In the first four of her Frankfurt Lectures on Poetics, which make up the essays of the volume, Wolf places herself as the central subject. In the essays, Wolf reflects on her 1980 trip to Greece during which she explored materials for Cassandra, as well as on contemporary events such as the attempt on U.S. president Ronald Reagan’s life. She examines the historical Cassandra and conditions for the woman writer (or speaker) of the past and present. Wolf recounts simultaneously visiting Greece and reading Aeschylus’ trilogy Oresteia (458 b.c.), which helped trigger her writing of Cassandra. Wolf adds her own experiences to those of the Greeks, Americans, and Germans whom she meets in her travels to form a body of communal memories that make up the text as a whole. Wolf refuses to be bound by any genre definition, which contributes to her revision of the tradition.
Part of Wolf’s reconsideration of literary tradition focuses on the position of women. She asks, “To what extent is there really such a thing as ‘women’s writing’?” Wolf’s four essays and her narrative help to answer this question. She provides an explicit response in her third essay, in which she suggests that there is “women’s writing”to the extent that women, for historical and biological reasons, experience a different reality than men and express it. To the extent that women belong not to the rulers but to the ruled, and have done so for centuries. . . . To the extent that they stop wearing themselves out trying to integrate themselves into the prevailing delusional system. To the extent that,...
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Booklist. LXXX, June 15, 1984, p. 1432.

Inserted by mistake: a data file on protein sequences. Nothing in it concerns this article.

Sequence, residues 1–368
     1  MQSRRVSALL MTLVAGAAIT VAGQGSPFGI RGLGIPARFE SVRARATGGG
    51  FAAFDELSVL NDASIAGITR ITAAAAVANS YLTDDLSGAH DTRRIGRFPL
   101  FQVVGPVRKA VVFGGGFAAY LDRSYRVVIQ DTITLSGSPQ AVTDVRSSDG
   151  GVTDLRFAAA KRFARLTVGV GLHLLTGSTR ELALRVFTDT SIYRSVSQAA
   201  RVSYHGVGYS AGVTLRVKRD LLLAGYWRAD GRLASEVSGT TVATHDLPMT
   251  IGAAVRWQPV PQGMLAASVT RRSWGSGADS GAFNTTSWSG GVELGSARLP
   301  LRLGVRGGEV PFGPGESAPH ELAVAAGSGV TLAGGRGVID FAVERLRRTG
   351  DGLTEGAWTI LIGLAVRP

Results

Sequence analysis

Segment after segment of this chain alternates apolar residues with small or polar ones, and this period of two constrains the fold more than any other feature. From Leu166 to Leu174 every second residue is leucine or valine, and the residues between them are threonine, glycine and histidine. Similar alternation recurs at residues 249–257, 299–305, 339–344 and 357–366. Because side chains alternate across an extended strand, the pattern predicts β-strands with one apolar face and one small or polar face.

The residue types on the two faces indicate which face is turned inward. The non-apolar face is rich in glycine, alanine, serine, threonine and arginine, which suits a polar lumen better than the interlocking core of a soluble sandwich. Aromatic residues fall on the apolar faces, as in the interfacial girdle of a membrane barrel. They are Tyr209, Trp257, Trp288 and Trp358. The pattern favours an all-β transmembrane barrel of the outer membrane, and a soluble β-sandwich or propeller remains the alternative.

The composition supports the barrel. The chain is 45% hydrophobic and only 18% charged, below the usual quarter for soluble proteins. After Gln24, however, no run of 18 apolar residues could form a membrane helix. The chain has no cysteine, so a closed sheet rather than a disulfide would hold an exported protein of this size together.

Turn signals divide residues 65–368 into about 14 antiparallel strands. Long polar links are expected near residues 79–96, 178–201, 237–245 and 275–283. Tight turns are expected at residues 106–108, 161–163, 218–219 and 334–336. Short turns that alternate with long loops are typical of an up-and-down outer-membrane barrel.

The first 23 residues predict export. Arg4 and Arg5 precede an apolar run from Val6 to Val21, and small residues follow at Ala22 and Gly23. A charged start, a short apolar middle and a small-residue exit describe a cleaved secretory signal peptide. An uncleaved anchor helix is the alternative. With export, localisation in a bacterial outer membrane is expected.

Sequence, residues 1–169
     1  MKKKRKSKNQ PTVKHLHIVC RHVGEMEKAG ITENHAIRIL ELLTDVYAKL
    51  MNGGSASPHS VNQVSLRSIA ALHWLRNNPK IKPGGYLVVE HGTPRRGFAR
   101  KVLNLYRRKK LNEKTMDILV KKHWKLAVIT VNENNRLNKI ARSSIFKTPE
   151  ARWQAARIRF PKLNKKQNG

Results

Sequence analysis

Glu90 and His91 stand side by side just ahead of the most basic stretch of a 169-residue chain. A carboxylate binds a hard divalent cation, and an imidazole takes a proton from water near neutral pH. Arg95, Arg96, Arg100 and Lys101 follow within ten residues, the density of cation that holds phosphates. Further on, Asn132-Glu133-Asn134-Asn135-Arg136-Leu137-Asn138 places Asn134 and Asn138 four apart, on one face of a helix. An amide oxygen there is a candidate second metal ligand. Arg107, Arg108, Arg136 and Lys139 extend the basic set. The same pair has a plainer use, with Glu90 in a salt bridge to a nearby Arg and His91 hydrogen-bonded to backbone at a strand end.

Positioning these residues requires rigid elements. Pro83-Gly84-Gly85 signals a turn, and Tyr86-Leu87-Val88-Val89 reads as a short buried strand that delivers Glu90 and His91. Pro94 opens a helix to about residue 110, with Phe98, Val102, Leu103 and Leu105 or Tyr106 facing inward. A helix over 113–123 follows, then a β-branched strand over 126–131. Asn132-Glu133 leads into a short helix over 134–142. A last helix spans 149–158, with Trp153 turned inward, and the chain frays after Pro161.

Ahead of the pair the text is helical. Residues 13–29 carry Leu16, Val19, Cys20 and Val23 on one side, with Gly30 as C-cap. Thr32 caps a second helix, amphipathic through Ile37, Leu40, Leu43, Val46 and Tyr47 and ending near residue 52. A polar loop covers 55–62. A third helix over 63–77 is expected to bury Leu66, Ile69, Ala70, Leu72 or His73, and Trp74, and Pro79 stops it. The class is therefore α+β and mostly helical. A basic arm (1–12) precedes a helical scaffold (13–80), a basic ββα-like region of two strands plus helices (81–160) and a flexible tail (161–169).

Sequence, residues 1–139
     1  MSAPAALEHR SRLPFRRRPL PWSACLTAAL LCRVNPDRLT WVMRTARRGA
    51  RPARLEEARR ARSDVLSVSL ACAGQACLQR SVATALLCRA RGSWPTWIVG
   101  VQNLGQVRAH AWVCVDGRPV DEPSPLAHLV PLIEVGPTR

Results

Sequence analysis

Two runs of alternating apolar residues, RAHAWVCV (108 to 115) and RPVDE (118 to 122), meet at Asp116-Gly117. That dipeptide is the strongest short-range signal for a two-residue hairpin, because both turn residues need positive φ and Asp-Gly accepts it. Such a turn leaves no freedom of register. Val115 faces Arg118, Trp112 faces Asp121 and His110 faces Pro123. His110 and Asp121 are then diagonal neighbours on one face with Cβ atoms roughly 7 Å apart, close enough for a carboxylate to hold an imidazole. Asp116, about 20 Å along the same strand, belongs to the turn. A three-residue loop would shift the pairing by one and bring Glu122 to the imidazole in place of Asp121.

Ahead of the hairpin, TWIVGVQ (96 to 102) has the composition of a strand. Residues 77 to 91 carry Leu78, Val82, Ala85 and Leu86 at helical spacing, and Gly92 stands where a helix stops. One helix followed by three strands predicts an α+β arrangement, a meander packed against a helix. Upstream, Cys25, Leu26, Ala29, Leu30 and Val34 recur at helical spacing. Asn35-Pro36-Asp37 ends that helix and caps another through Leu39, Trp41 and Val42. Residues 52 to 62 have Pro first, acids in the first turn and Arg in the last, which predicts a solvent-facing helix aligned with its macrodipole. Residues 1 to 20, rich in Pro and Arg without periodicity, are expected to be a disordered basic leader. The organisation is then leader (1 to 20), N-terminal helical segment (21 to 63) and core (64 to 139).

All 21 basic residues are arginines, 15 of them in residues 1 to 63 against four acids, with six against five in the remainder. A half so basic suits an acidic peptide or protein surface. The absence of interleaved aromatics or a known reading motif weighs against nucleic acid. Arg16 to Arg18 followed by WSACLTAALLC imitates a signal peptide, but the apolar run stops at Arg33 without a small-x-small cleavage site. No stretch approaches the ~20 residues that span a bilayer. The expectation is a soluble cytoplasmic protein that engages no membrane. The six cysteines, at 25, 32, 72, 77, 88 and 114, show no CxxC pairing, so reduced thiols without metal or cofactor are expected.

Fries, Marilyn Sibley, ed. Responses to Christa Wolf: Critical Essays. Detroit: Wayne State University Press, 1989. A collection of essays by twenty-one critics covering many of Wolf’s texts from a variety of critical perspectives. Not only includes essays from a feminist perspective but also gives some idea of the varieties of literary methodologies applied to Wolf’s work. Contains an index and an extensive bibliography.
Herrmann, Anne. The Dialogic and Difference: An/Other Woman in Virginia Woolf and Christa Wolf. New York: Columbia University Press, 1989. Insightful feminist analysis of the construction of the female subject in the works of Virginia Woolf and Christa Wolf. An index and a bibliography including many references to feminist theory are provided.
Kirkus Reviews. LII, June 1, 1984, p. 530.
Kuhn, Anna K. Christa Wolf’s Utopian Vision: From Marxism to Feminism. New York: Cambridge University Press, 1988. An insightful analysis of Wolf’s development from her early works to Storfall (1987; Accident, 1989). Kuhn traces Wolf’s movement from a reliance on Marxism as an ideology to a later development of a more feminist position. Includes an index and an extensive bibliography of primary and secondary works.
Library Journal. CIX, July, 1984, p. 1328.
Los Angeles Times Book Review. July 29, 1984, p. 1.
The Nation. CCXXXIX, September 22, 1984, p. 246.
New Leader. LXXVII, October 15, 1984, p. 14.
The New Republic. CXCI, July 30, 1984, p. 40.
The New York Times Book Review. LXXXIX, September 9, 1984, p. 20.
Publishers Weekly. CCXXV, May 18, 1984, p. 144.
Wolf, Christa. The Author’s Dimension: Selected Essays. Edited by Alexander Stephan. Translated by Jan van Heurck. New York: Farrar, Straus and Giroux, 1993. A collection of essays by Wolf on a wide variety of political and literary topics. Provides useful insights into the author and her attitudes toward literature and politics. Includes an introduction by Grace Paley.
Wolf, Christa. The Fourth Dimension: Interviews with Christa Wolf. Translated by Hilary Pilkington. New York: Verso, 1988. A collection of interviews with Wolf. Very useful for understanding Wolf’s process of composition, as well as her political concerns. A short bibliography of primary works is included. Contains an introduction by Karin McPherson.
World Literature Today. LVII, Autumn, 1983, p. 629.